Unlike many natural phenomena, earthquakes are not especially mysterious. National Geographic explains the physics behind earthquakes, and the catastrophic effects they can cause, in this short video:
One of the things we know about earthquakes is that they operate as low-frequency acoustic waves passing through solid media. And four French geologists have discovered that the acoustic waves that cause earthquakes, like most waves, are subject to refraction—they can potentially be distorted, blurred, and misdirected. So can they be distorted, blurred, and misdirected in such a way that they pass harmlessly (or, at least, less harmfully) through a city by use of a seismic cloak?
The science behind acoustic cloaking is remarkably similar to the science behind visible light spectrum cloaking, and poses many of the same practical problems—but there are key differences that make seismic cloaking easier in terms of scope, and harder in terms of scale. A seismic cloak doesn't need to make a city acoustically invisible—just less of a seismic obstacle. The world rumbles harmlessly under our feet every day; it's only severe seismic waves that pose a problem. On the other hand, it's simply not practicable to cloak all of the ground beneath a city in acoustic metamaterials.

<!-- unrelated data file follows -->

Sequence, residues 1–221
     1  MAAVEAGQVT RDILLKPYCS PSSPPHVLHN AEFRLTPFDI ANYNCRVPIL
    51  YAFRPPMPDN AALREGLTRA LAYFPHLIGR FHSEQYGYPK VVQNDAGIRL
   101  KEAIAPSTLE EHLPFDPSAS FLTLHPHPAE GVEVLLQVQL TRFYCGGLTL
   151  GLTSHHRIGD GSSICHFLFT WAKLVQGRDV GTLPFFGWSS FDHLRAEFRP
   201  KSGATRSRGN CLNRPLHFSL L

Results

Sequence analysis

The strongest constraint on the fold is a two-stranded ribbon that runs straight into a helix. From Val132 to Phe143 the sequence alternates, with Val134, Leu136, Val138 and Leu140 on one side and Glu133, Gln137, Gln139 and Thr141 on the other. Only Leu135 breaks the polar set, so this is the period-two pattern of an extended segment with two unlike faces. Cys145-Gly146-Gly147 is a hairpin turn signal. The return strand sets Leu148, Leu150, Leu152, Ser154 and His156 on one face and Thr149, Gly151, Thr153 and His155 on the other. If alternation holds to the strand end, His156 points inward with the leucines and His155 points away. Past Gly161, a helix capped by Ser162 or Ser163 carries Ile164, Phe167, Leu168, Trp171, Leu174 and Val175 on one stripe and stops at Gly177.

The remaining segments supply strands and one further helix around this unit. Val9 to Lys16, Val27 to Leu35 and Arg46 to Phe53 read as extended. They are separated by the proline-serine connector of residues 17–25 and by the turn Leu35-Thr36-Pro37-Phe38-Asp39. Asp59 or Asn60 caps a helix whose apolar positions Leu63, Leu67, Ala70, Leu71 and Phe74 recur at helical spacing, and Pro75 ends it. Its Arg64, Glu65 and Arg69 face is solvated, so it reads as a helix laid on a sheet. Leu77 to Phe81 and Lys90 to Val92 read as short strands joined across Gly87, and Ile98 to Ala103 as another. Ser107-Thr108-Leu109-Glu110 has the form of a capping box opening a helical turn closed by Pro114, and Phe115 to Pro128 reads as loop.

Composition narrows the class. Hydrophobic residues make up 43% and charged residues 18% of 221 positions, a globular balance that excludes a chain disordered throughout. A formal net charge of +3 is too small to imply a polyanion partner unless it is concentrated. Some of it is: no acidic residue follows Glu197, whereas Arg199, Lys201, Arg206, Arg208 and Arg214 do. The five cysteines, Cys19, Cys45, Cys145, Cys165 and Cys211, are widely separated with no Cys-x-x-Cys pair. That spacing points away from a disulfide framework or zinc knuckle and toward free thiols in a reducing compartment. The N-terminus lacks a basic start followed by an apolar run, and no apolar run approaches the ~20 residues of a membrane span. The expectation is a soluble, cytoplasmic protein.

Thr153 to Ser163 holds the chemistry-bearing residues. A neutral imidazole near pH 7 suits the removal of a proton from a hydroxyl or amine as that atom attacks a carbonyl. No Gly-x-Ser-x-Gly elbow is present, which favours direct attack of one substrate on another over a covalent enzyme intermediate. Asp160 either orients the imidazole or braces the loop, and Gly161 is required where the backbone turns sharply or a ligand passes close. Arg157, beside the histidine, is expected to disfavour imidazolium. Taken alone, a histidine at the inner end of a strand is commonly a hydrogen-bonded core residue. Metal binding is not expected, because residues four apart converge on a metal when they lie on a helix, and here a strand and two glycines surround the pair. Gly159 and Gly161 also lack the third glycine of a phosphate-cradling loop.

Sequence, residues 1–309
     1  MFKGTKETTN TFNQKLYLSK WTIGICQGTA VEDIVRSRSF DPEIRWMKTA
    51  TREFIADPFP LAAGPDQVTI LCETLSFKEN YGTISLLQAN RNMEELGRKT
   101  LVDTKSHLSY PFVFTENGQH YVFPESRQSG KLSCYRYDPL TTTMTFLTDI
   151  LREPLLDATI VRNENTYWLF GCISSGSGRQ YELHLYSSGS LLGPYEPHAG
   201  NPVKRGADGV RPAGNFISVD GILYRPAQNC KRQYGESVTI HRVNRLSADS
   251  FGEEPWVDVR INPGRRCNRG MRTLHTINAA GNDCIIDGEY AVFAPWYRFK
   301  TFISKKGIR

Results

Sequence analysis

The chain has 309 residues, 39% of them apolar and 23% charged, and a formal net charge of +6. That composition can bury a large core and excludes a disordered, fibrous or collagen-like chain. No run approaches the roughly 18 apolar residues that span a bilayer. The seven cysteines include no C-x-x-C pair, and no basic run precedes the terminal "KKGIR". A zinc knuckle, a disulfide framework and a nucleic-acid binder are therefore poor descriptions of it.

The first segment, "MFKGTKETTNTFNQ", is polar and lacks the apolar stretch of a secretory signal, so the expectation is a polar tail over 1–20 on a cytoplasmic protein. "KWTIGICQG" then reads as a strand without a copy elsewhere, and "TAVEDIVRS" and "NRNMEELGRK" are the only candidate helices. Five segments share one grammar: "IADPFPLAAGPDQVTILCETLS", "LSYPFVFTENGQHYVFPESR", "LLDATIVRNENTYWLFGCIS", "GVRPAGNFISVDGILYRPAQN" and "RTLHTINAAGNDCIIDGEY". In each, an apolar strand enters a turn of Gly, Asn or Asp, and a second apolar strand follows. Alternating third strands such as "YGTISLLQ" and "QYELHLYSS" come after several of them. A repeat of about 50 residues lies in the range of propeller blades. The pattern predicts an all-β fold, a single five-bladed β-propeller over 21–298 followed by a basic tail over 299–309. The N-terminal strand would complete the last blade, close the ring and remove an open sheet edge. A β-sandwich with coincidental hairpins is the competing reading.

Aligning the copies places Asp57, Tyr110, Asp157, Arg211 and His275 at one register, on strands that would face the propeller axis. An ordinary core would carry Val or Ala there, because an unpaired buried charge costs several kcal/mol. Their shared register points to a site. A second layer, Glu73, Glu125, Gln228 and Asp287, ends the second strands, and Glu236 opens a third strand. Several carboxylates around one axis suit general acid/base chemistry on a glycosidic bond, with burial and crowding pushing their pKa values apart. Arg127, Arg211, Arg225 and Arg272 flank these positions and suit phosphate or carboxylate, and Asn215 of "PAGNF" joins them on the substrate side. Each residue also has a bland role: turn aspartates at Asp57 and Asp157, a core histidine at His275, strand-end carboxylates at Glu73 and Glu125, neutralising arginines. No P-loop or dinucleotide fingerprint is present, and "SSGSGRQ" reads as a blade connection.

That said, we now know that it is theoretically possible to cloak a city from an earthquake—and that's a very good place to start.